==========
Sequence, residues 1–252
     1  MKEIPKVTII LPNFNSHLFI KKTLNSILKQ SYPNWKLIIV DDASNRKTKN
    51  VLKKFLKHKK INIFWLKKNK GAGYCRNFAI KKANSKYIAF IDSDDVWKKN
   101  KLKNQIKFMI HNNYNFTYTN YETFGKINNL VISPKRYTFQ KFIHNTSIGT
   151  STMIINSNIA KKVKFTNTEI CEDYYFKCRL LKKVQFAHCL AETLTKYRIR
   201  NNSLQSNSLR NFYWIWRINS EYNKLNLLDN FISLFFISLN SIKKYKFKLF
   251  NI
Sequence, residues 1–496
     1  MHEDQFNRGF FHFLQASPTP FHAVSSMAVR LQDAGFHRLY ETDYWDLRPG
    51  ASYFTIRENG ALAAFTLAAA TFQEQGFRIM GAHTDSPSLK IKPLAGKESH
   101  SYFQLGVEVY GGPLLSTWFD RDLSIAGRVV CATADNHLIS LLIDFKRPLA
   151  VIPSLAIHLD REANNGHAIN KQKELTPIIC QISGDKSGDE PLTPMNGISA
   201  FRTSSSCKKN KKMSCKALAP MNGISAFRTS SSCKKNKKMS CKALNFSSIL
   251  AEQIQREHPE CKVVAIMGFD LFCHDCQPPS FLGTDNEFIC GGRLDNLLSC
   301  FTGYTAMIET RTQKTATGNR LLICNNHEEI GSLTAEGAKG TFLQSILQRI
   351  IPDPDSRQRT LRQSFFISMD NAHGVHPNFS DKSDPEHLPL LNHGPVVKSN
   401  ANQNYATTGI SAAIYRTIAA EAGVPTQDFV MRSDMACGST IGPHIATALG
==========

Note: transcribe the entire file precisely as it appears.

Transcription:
Sequence, residues 1–252
     1  MKEIPKVTII LPNFNSHLFI KKTLNSILKQ SYPNWKLIIV DDASNRKTKN
    51  VLKKFLKHKK INIFWLKKNK GAGYCRNFAI KKANSKYIAF IDSDDVWKKN
   101  KLKNQIKFMI HNNYNFTYTN YETFGKINNL VISPKRYTFQ KFIHNTSIGT
   151  STMIINSNIA KKVKFTNTEI CEDYYFKCRL LKKVQFAHCL AETLTKYRIR
   201  NNSLQSNSLR NFYWIWRINS EYNKLNLLDN FISLFFISLN SIKKYKFKLF
   251  NI
Sequence, residues 1–496
     1  MHEDQFNRGF FHFLQASPTP FHAVSSMAVR LQDAGFHRLY ETDYWDLRPG
    51  ASYFTIRENG ALAAFTLAAA TFQEQGFRIM GAHTDSPSLK IKPLAGKESH
   101  SYFQLGVEVY GGPLLSTWFD RDLSIAGRVV CATADNHLIS LLIDFKRPLA
   151  VIPSLAIHLD REANNGHAIN KQKELTPIIC QISGDKSGDE PLTPMNGISA
   201  FRTSSSCKKN KKMSCKALAP MNGISAFRTS SSCKKNKKMS CKALNFSSIL
   251  AEQIQREHPE CKVVAIMGFD LFCHDCQPPS FLGTDNEFIC GGRLDNLLSC
   301  FTGYTAMIET RTQKTATGNR LLICNNHEEI GSLTAEGAKG TFLQSILQRI
   351  IPDPDSRQRT LRQSFFISMD NAHGVHPNFS DKSDPEHLPL LNHGPVVKSN
   401  ANQNYATTGI SAAIYRTIAA EAGVPTQDFV MRSDMACGST IGPHIATALG